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Biochim Biophys Acta. 1999 Jul 8;1450(3):191-231.

Functional roles of S100 proteins, calcium-binding proteins of the EF-hand type.

Author information

  • Section of Anatomy, Department of Experimental Medicine and Biochemical Sciences, University of Perugia, Via del Giochetto, C.P. 81 Succ. 3, 06122, Perugia, Italy. donato@unipg.it

Abstract

A multigenic family of Ca2+-binding proteins of the EF-hand type known as S100 comprises 19 members that are differentially expressed in a large number of cell types. Members of this protein family have been implicated in the Ca2+-dependent (and, in some cases, Zn2+- or Cu2+-dependent) regulation of a variety of intracellular activities such as protein phosphorylation, enzyme activities, cell proliferation (including neoplastic transformation) and differentiation, the dynamics of cytoskeleton constituents, the structural organization of membranes, intracellular Ca2+ homeostasis, inflammation, and in protection from oxidative cell damage. Some S100 members are released or secreted into the extracellular space and exert trophic or toxic effects depending on their concentration, act as chemoattractants for leukocytes, modulate cell proliferation, or regulate macrophage activation. Structural data suggest that many S100 members exist within cells as dimers in which the two monomers are related by a two-fold axis of rotation and that Ca2+ binding induces in individual monomers the exposure of a binding surface with which S100 dimers are believed to interact with their target proteins. Thus, any S100 dimer is suggested to expose two binding surfaces on opposite sides, which renders homodimeric S100 proteins ideal for crossbridging two homologous or heterologous target proteins. Although in some cases different S100 proteins share their target proteins, in most cases a high degree of target specificity has been described, suggesting that individual S100 members might be implicated in the regulation of specific activities. On the other hand, the relatively large number of target proteins identified for a single S100 protein might depend on the specific role played by the individual regions that in an S100 molecule contribute to the formation of the binding surface. The pleiotropic roles played by S100 members, the identification of S100 target proteins, the analysis of functional correlates of S100-target protein interactions, and the elucidation of the three-dimensional structure of some S100 members have greatly increased the interest in S100 proteins and our knowledge of S100 protein biology in the last few years. S100 proteins probably are an example of calcium-modulated, regulatory proteins that intervene in the fine tuning of a relatively large number of specific intracellular and (in the case of some members) extracellular activities. Systems, including knock-out animal models, should be now used with the aim of defining the correspondence between the in vitro regulatory role(s) attributed to individual members of this protein family and the in vivo function(s) of each S100 protein.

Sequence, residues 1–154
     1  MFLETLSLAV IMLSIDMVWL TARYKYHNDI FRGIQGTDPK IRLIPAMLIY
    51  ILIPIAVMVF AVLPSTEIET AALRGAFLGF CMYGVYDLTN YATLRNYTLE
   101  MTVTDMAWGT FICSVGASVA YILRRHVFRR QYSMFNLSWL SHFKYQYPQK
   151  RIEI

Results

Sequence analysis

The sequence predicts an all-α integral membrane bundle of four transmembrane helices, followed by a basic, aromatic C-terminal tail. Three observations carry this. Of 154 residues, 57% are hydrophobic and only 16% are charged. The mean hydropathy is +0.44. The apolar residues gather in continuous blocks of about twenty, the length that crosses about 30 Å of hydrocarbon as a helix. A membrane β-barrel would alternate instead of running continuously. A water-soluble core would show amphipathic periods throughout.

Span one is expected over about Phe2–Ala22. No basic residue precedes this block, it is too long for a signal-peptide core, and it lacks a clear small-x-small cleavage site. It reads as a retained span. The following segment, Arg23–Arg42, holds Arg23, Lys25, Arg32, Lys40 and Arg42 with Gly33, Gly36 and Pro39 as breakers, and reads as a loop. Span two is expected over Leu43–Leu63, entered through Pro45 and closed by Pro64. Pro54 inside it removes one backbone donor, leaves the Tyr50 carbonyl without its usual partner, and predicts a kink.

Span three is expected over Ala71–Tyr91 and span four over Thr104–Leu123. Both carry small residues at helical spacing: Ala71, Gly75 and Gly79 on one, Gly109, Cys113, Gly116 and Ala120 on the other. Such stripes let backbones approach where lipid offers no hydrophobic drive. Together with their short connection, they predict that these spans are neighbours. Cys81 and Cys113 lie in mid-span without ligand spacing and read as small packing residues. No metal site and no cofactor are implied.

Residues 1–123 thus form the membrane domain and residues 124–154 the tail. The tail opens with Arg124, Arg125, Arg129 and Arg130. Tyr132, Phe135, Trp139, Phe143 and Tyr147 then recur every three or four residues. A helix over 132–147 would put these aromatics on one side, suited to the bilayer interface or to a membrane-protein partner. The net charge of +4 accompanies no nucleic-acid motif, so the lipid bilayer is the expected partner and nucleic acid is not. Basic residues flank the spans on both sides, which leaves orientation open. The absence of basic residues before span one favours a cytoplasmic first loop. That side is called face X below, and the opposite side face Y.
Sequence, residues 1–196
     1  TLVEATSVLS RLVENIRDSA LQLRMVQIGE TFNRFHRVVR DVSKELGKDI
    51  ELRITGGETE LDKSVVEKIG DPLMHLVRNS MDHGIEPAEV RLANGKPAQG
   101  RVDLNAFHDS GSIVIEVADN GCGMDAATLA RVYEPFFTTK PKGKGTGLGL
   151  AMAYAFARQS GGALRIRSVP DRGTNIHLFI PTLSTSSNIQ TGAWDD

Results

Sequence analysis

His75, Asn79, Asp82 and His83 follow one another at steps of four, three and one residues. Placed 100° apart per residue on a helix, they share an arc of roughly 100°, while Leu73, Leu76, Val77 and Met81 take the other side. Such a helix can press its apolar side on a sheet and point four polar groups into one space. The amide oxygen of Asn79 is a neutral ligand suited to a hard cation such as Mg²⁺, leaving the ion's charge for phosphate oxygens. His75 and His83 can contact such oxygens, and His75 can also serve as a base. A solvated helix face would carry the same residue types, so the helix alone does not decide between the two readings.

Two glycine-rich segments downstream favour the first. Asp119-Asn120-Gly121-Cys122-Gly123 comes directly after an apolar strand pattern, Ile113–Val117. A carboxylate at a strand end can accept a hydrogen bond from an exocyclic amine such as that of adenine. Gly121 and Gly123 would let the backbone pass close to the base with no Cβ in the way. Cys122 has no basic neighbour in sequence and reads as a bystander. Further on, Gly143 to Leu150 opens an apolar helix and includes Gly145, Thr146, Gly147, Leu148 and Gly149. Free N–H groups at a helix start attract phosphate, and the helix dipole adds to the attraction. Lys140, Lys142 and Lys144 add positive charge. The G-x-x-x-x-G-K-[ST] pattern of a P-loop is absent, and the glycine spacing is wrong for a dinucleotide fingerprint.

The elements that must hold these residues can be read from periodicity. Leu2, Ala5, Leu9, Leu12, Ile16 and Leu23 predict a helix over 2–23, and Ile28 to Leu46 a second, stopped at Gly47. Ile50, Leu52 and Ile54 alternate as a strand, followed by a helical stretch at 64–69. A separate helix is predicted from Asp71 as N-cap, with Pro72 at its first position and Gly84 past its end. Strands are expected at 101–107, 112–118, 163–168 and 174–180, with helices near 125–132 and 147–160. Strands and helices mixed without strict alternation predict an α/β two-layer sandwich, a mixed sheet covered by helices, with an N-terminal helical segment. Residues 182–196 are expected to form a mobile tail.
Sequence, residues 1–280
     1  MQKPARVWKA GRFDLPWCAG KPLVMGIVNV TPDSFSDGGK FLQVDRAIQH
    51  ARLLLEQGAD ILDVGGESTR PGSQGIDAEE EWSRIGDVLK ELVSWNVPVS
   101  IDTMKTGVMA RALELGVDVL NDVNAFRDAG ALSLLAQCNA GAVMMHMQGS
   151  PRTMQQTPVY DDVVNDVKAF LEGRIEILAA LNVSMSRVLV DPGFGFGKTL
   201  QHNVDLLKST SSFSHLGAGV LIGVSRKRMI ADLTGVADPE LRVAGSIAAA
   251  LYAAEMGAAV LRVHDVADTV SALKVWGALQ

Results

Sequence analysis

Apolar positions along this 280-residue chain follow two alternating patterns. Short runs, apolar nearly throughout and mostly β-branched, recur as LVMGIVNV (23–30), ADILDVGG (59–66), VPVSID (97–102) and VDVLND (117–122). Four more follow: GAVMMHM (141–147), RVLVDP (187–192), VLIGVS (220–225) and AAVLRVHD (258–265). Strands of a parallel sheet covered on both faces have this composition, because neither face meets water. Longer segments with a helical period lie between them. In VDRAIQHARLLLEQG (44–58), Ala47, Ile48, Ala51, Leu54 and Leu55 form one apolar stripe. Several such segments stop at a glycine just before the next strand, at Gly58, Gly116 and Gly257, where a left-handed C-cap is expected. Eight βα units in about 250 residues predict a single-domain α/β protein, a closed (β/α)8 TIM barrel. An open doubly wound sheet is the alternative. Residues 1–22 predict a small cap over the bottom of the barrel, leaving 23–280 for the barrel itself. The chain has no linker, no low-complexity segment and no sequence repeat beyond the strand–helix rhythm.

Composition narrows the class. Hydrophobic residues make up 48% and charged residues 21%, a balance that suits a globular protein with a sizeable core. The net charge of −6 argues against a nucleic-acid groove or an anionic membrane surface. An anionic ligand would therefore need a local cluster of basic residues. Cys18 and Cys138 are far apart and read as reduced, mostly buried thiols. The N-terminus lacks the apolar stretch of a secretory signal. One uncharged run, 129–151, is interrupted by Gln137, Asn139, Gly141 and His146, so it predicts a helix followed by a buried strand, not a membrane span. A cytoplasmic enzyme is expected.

PMID:
10395934
[PubMed - indexed for MEDLINE]
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